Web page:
The biggest pool news of the summer may well be happening this morning, with McCarren Park Pool‘s grand reopening after a 29-year closure. As exciting as that is, it is only one of dozens of fabulous City of New York Parks & Recreation outdoor pools opening today. I am unable to attend the McCarren event, but I look forward to hearing all about it and checking out that “new” pool sometime soon.
McCarren was just one highlight of an unprecedented and unequaled season of pool news back in 1936 when it first opened, in the midst of the Great Depression. During that record-hot summer, eleven incredibly beautiful and spacious new pools opened all around the city, and with McCarren’s restoration all eleven are still in service. They are architectural delights and engineering marvels, and I recommend that you visit all of them: Astoria (Queens), Betsy Head (Brooklyn), Crotona (Bronx), Hamilton Fish (Manhattan), Highbridge (Manhattan), Jackie Robinson (Manhattan), Joseph H. Lyons (Staten Island), McCarren (Brooklyn), Red Hook (Brooklyn), Sunset Park (Brooklyn), and Thomas Jefferson (Manhattan).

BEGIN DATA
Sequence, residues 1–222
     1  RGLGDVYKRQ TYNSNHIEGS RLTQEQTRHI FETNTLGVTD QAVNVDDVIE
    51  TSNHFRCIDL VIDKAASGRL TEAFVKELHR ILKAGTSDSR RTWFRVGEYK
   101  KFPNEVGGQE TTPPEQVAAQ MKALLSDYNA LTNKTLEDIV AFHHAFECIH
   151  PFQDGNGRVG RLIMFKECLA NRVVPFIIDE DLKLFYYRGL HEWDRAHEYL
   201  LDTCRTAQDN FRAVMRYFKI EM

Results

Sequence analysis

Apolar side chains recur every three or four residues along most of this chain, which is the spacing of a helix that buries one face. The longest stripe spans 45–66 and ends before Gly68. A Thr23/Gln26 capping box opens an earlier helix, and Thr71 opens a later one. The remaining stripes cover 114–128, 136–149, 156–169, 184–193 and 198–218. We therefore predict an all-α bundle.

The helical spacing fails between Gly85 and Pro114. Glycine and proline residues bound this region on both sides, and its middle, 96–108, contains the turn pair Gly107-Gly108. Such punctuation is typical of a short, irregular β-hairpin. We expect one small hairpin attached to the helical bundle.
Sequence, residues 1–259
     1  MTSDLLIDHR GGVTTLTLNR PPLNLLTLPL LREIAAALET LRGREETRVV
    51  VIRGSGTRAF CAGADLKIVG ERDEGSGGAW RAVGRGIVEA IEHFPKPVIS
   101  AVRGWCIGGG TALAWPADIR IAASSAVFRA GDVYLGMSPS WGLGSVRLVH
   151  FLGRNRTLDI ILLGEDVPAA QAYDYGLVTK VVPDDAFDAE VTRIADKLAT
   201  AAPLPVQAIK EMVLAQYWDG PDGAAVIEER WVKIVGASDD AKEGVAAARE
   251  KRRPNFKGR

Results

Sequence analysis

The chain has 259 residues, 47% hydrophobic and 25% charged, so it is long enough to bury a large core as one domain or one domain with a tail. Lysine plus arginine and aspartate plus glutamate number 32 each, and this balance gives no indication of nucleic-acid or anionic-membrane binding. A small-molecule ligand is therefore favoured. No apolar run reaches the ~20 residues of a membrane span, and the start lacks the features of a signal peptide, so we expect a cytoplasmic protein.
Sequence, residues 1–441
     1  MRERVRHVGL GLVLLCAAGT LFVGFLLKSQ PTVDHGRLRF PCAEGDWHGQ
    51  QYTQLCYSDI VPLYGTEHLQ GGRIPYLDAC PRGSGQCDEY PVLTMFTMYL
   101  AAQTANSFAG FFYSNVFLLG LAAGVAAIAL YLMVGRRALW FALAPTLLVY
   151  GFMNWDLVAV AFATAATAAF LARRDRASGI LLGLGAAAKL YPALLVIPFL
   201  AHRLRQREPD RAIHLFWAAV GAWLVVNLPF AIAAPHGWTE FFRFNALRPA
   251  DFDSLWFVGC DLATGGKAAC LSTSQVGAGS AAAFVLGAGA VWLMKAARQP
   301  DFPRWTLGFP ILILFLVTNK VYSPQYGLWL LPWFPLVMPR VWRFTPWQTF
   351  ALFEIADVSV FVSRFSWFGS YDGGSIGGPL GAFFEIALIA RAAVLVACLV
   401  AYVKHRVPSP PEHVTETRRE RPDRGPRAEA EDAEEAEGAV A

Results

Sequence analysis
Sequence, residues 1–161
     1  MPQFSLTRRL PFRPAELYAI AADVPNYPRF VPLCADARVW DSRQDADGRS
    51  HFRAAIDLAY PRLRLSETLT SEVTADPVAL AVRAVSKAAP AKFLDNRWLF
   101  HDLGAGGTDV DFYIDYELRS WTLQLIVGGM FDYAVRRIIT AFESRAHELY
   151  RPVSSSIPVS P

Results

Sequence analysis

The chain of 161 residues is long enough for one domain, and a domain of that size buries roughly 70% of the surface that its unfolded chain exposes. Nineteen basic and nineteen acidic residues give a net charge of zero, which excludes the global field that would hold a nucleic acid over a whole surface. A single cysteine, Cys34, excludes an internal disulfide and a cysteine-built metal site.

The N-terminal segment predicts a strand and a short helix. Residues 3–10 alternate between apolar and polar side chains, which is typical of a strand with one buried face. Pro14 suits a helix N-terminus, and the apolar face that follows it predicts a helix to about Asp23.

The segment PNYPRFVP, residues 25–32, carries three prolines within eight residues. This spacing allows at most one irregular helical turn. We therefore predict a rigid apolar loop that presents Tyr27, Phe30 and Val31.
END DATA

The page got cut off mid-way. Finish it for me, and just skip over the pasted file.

Adding to the attraction, most of these pools as well as several others participate in a city-run lap swim program, with “early bird” (7-8:30 a.m.) and/or “night owl” (7-8:30 p.m.) hours for lap swimmers only. I discovered early bird lap swimming in summer 2000, and it is now one of my favorite things about living here: free, reasonably well run, full of characters, and replete with incentives such as T-shirts, trophies, and a dinner! I’ve made a number of good friends thanks to the program and had some amazing pool tourism experiences as well. July 5 is the start date of the all-too-short season this year.
Now back to 1936. I would be remiss not to thank Mayor Fiorello LaGuardia and especially Parks Commissioner Robert Moses, himself a swimmer, for this pool bounty. They were raring to go with plan for neighborhood pools throughout the five boroughs when the Works Progress Administration was doling out funds for shovel-ready projects, and the story of the design and construction is as amazing as the end result. Once opened, the pools provided relief and safe recreation to 43,000 “bathers”–not without segregation–at a time. They have since served as sites for Olympic Trials (Astoria, 1936 and 1964), learn-to-swim programs, performances, and lots lots more. A great exhibit in 2006 celebrated the 70th anniversary, and there was a 75th birthday party in Red Hook last summer. They are an incredible resource for the city, and I can’t say enough good things about them; please read more here.
Long live our WPA pools!